Top End empathy for south after horrendous fire year

James Nason, 14/11/2019

Trevor Griffiths from Tipperary Station patrolling a fire in late October. Picture: David Connolly

AS fierce winds fan huge fire fronts across tinder dry regions of northern NSW and southern and central Queensland, cattle producers who have endured a horrendous fire season further north are watching on with a strong sense of empathy for their southern counterparts.

Aerial water bombing on Tipperary. Picture: David Connolly. Click on images to enlarge.

David Connolly and his own team at Tipperarary and Litchfield in the Northern Territory have had an exhausting four months battling blazes in a fire season that has been unlike anything they have experienced before.

Mr Connolly told Beef Central this morning he is feeling for affected landholders and residents currently dealing with fires in NSW and Qld.

“Looking at the fire coverage I know how people will be feeling down there,” he said.

“It is soul destroying.

“They will be physically and emotionally exhausted, drained, it takes a lot out of you.

“These fires are dangerous, they’re hot and their fast moving, and they physically exhaust you to fight them, but also mentally drain you because it is such a responsibility.”

He said producers across the Top End have had their worst fire season in memory on the back of failed wet season followed by unusually hot and dry winds through August, September and October.

The parched conditions have led to fires starting for no apparent reason, in areas of bush country where no human intervention has been likely or even possible.

Fires have also been jumping unusually long distances, with new fronts suddenly opening up kilometres away on the back of strong winds, making this year’s fires extremely difficult to fight.

Another strange phenomenon has been fires returning multiple times to previously burned areas, as Mr Connolly explained:

“Where we have been early burning to look after the country we have had another wildfire come through and burn across that old burned country again, and then the same thing again.

“The first fire goes through in a mosaic pattern, it doesn’t burn everything because it is a cool burn and there is a little bit of ground cover left.

“Trees will drop leaves through the year, a second fire will come through and burn really hot on a hot wind and as soon as it has that wind behind it doesn’t seem to need a lot of fuel, it will just roar across the country, and then trees will drop leaves again and then we will get a third fire.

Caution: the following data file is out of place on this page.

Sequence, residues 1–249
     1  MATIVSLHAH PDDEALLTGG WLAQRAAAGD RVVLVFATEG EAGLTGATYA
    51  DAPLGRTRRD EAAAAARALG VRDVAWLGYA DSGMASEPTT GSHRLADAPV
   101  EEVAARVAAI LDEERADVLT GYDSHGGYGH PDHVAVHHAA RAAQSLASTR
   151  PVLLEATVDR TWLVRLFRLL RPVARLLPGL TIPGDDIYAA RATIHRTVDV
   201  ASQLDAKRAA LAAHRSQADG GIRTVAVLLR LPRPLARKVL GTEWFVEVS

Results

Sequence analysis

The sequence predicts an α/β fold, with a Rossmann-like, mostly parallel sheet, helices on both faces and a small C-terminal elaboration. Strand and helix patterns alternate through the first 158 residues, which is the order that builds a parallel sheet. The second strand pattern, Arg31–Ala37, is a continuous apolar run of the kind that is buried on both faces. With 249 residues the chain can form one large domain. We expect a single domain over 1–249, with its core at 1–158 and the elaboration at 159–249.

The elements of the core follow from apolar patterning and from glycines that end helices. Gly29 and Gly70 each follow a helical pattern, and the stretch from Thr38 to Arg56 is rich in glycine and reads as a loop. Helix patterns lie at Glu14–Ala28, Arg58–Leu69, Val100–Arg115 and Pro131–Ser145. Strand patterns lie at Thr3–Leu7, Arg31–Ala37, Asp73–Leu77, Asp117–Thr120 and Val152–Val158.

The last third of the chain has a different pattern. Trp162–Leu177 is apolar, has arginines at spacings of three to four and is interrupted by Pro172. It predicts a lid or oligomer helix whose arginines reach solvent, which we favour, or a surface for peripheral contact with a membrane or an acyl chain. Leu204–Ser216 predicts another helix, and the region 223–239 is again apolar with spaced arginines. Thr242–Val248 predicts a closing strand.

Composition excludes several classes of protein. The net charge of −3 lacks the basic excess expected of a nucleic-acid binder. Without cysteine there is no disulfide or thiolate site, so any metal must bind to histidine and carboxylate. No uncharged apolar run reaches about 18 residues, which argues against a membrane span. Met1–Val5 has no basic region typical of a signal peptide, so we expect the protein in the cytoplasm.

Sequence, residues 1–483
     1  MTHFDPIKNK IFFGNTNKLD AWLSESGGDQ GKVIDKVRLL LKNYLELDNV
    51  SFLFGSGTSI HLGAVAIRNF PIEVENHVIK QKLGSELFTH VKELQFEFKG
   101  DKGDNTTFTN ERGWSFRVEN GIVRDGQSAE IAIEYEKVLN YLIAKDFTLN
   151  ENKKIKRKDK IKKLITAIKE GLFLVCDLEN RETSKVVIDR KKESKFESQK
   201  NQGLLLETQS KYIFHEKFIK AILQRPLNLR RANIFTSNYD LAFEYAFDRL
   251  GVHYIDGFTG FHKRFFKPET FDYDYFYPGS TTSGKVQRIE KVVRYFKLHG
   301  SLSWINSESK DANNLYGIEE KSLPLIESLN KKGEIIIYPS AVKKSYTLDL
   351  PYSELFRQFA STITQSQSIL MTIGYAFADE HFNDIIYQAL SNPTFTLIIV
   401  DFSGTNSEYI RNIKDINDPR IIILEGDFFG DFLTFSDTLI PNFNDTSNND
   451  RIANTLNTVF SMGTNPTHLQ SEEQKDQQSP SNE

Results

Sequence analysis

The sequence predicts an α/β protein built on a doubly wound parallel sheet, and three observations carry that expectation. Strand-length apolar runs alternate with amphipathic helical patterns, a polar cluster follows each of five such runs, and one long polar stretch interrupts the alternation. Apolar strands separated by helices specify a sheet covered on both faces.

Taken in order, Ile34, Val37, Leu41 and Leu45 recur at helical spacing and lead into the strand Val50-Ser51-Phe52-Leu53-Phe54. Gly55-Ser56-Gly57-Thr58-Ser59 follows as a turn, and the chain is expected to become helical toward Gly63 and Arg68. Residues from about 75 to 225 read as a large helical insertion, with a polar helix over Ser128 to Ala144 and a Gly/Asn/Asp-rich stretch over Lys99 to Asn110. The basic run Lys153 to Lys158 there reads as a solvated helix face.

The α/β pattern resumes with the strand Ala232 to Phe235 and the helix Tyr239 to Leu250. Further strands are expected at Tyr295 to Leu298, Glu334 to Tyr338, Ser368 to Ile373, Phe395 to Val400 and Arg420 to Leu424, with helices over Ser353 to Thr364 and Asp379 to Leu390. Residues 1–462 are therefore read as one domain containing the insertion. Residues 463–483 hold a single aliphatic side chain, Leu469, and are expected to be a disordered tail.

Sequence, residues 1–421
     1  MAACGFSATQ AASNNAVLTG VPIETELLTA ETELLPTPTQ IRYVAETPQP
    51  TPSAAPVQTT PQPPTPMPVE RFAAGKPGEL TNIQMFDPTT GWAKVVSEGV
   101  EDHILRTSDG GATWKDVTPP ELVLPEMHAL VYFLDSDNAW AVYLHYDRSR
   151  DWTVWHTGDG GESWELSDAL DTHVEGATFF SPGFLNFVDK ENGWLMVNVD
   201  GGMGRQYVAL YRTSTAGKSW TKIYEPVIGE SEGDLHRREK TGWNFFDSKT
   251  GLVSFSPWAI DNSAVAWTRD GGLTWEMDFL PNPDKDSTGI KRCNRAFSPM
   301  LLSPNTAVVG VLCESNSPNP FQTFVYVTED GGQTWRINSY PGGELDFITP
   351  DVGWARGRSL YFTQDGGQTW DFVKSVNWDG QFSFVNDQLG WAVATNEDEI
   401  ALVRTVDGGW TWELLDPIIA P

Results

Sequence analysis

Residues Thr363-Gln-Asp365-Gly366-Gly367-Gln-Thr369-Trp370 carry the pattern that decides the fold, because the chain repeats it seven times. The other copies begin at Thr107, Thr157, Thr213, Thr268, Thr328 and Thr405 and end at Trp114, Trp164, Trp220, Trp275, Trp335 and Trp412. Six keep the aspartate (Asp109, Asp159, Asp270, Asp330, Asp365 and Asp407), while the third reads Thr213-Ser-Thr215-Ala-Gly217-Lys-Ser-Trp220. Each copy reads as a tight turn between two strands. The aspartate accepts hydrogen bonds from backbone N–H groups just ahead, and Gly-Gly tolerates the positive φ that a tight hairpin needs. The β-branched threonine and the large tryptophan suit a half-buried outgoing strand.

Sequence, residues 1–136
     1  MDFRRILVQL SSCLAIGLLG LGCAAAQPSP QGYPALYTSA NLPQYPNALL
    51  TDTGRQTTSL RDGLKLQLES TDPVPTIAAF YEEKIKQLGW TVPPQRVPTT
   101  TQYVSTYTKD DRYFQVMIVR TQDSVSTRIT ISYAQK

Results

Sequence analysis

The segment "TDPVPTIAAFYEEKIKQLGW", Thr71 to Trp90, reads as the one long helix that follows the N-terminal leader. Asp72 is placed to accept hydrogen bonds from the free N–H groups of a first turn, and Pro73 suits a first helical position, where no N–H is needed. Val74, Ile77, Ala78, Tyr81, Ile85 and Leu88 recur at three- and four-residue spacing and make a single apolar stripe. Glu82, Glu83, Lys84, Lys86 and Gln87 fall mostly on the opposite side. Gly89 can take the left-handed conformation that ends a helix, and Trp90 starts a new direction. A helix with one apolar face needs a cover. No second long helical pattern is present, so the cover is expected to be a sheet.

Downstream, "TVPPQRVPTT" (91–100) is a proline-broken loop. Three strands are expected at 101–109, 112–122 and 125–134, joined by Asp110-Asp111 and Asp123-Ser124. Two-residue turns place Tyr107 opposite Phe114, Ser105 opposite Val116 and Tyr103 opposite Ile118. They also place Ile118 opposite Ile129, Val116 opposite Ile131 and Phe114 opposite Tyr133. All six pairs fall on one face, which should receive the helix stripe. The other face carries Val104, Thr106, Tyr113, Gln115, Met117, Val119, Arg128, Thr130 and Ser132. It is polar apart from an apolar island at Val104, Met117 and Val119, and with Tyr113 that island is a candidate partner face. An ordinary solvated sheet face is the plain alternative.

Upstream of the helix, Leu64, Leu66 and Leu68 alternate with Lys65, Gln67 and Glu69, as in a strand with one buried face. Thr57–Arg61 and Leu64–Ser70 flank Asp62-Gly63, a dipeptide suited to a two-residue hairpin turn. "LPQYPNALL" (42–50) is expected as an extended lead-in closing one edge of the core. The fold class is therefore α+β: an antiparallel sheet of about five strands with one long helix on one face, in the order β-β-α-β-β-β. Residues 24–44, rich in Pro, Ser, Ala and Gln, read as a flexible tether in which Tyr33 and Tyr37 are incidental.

“And those second and third fires, they will creep along for a couple of kilometres and then come to a paddock where there is a heap of feed you have been saving for cattle, and suddenly you have a roaring great inferno again.”

Forced to offload heifers

Tipperary alone has lost 200 square kilometres of grass in recent months that was being saved for this late period of the dry season.

As a result they are now drafting heifers for sale that they would rather not be selling.

“We were holding them thinking we are at the right end of the year for some rain.”

It has been a similar plight for many stations across northern Australia in 2019, as the below map from the Northern Australia Fire Information website demonstrates (the coloured areas document scars where fires have occurred at different months throughout this year, with red and blue areas showing fires recorded in the past seven days)

To visit website click here

Fighting fires demands all hands on deck with staff rostered on day and night, consuming weeks of time that prevent other important jobs around the station from being done.

Mr Connolly said all staff are given extensive fire management training on the stations in conjunction with local fire authorities. He said the priority is “to look after people first, animals second, infrastructure third and then getting the fires out”.

YULGILBAR FIRE FIGHT: Rob and Lorraine Sinnamon and their team at Yulgilbar Station in northern NSW have been fighting bushfires for over a week and this morning have appealed for urgent agistment or lease opportunities for up to 3000 displaced stock – click on this Facebook post for more information and contact details.


“Mr Connolly said the past year has been the worst fire season he has experienced.

“We have had some big fires here, but we have always been able to manage them and bring them under control very quickly,” he said.

“We back burn aggressively so if a fire takes off we go and give it ground, but then form a line and back burn and get it out.

“This year they just didn’t go out, they wouldn’t go out.

“We had instances where we thought we had a fire out and 16 days later, it started burning again.”

Mr Connolly said after some recent rain he is confident they have finally got the fires under control but added: “I’m always really quick to say you only think you’ve got them out”.


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